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Maryland budget cuts must not harm vulnerable residents | COMMENTARY

The COVID-19 pandemic has been devastating for Marylanders in many ways. Now, state and local governments are feeling the pain, putting at risk the essential public services that keep our communities going, everything from public health and education to transportation and help for our most vulnerable.

Actions necessary to curtail the pandemic have damaged the state’s economy, and that has hurt state and local revenues. As a measure of how sudden and severe the effect has been, the state lost more than 500,000 jobs to date. While many of these jobs will eventually come back, how many and at what pace is unknown.

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State revenues will likely be short about $1 billion just in the current fiscal year that ends June 30, according to the Maryland Bureau of Revenue Estimates. Although forecasting further out is far less certain, the bureau projects losses in the range of $2 billion in fiscal 2021 and $3 billion the following year.

The impact on the state is largely due to dramatically reduced income and sales tax collections. County governments, which rely heavily on income tax revenues, are likewise affected.

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All of which leads to the question of how to respond. If the state must cut the budget, however, let’s do it in a way that will not affect working families and keeps residents moving forward.

So far we have seen only modest budget cuts, with the Board of Public Works approving $121 million in reductions in mid-May with further trims expected this month. State analysts believe the current year budget can largely be balanced by absorbing available surpluses, curtailing hiring and other spending, rolling about $250 million of bills to the next fiscal year, and using additional federal Medicaid matching funds in the first federal stimulus bill.

What happens next is the puzzle to be solved. Fortunately, Maryland has amassed a rainy-day fund balance of $1.15 billion, which can be tapped to maintain state services. Maryland officials are also pushing Congress to provide additional federal assistance to states and localities. But even if that aid does materialize, state leaders may well need to do more to balance the budget for next year.

The Board of Public Works, made up of Gov. Larry Hogan, Comptroller Peter Franchot and Treasurer Nancy Kopp, has the authority to reduce state appropriations by as much as 25%, excluding debt service payments, funding for public schools and employee salaries. The board should use this enormous budgetary power wisely. The Maryland Center on Economic Policy has developed principles that are a smart road map for the board to follow.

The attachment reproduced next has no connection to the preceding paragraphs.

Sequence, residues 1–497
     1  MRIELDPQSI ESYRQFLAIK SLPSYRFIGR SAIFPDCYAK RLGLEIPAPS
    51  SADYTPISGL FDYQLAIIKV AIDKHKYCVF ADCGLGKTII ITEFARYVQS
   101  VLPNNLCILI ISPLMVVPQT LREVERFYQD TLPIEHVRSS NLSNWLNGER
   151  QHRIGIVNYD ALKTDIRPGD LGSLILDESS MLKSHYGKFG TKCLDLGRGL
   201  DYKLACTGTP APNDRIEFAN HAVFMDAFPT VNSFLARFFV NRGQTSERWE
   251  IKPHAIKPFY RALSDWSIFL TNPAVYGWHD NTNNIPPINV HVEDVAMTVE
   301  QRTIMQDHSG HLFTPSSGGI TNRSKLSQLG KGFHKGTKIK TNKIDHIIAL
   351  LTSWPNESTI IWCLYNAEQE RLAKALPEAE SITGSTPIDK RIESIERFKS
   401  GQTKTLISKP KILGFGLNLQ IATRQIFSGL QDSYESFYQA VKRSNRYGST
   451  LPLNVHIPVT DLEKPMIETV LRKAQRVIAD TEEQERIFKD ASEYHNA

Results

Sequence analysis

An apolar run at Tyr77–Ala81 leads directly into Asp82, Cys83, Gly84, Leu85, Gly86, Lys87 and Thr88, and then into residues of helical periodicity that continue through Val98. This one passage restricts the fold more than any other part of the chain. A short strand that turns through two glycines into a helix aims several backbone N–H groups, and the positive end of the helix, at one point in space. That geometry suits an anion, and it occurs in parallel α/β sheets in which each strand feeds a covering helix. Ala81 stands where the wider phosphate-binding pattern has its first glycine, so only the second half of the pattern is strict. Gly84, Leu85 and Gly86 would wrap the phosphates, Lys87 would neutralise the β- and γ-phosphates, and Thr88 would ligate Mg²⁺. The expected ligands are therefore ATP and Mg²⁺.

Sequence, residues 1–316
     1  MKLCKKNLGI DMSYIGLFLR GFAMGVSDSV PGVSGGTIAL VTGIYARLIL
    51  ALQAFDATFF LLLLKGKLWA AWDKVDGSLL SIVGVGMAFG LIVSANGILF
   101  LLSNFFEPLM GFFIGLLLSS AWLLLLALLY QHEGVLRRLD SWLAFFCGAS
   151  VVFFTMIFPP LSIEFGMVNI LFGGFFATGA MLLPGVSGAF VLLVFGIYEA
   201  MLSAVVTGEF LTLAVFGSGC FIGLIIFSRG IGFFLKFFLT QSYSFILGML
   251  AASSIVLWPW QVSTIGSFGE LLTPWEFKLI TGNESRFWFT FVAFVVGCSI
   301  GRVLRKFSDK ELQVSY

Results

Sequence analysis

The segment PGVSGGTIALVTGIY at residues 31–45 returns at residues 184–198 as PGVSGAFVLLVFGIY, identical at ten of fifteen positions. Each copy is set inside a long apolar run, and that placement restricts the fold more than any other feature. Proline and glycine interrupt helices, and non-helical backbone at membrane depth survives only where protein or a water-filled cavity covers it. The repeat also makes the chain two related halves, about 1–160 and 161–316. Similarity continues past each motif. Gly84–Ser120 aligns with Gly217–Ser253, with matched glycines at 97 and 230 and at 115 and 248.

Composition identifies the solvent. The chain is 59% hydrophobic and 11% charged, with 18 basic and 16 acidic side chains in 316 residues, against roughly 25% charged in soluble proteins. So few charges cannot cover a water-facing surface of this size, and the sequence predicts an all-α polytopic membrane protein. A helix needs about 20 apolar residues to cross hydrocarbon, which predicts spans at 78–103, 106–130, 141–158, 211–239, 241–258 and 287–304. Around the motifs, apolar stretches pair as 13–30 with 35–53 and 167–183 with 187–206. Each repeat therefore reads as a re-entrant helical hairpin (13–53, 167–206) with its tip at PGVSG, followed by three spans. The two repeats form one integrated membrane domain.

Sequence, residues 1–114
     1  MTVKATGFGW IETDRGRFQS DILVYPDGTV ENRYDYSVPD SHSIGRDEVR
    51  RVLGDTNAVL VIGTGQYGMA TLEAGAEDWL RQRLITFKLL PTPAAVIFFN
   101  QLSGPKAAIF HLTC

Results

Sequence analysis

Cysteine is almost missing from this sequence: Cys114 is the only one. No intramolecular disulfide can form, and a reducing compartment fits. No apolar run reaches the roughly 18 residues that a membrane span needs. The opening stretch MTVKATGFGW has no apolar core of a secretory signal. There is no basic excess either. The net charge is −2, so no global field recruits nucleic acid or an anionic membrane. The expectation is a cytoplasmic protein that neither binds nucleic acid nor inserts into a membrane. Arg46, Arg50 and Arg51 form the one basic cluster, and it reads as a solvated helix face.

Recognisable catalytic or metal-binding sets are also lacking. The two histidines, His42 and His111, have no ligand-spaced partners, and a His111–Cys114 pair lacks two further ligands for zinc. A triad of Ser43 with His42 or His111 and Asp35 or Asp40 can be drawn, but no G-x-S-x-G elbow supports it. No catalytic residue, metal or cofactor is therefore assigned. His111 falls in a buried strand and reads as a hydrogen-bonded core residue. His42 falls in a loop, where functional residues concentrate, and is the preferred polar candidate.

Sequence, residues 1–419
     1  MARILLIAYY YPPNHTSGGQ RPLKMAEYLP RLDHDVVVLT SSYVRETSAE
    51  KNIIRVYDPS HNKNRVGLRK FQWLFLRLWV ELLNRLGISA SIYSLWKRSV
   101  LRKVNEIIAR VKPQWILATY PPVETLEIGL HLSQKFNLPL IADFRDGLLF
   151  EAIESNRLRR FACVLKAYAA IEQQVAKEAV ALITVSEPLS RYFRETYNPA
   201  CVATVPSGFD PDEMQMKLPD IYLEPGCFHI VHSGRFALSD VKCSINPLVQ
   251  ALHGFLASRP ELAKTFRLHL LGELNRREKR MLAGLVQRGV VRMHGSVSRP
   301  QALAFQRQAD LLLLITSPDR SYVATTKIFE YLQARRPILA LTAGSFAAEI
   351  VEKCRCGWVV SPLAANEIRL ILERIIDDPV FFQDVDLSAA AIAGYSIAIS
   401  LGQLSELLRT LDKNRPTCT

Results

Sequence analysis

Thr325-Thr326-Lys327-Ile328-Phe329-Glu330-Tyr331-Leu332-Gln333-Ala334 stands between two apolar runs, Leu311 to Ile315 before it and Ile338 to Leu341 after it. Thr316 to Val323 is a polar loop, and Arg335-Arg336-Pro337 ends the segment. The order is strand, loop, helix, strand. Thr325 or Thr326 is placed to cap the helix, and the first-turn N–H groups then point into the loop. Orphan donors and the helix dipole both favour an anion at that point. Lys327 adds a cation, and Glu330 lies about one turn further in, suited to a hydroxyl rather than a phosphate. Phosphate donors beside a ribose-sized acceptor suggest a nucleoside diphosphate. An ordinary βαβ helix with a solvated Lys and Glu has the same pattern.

Using these principles as a guide, all budget decisions should be designed to protect the most vulnerable Marylanders. Many who have lost jobs or have seen their pay cut are counting on their state and local governments to help support them through this crisis. It is vital that the state maintains full funding for safety net programs and ensures that the state agencies and nonprofits that administer them are able to retain sufficient staff to respond to the increased need for assistance.

The state should also maintain or expand eligibility for federal family income support programs. Maryland must not follow the path of other states to place new restrictions on who can receive emergency food assistance, temporary cash assistance, Medicaid or other forms of family income supports.

Even as we grapple with a drop in expected revenue, we must also continue to invest in Maryland’s future. That includes preserving our funding commitments for public education. The pandemic has exacerbated the existing racial, ethnic and income disparities in our education system. It is vital that our public school systems have the resources they need to address the immediate needs. 

Finally, we must preserve the state’s workforce. Avoiding cuts to our public sector workforce is vital both to maintaining the services Marylanders rely on and to support a robust economic recovery. Cuts to state and local government agencies will just impede our economic recovery.

Clearly avoiding harmful budget cuts will likely require additional federal assistance. But the state should help itself as well. Let’s start with what’s on the table. The legislature should override the governor’s veto of bills that raise revenue via internet advertising, digital downloads and tobacco.

As we await anticipated congressional approval of a new round of relief, the Board of Public Works should hold off on damaging budget cuts. If cuts are ultimately needed, Governor Hogan, Comptroller Franchot and Treasurer Kopp must make smart decisions that protect those at most risk, invest in our future and protect jobs.

Warren Deschenaux (wdeschenaux@gmail.com) is the former executive director of the General Assembly’s Department of Legislative Services and served as the legislature’s chief fiscal analyst. He is a non-resident senior fellow at the Maryland Center on Economic Policy.

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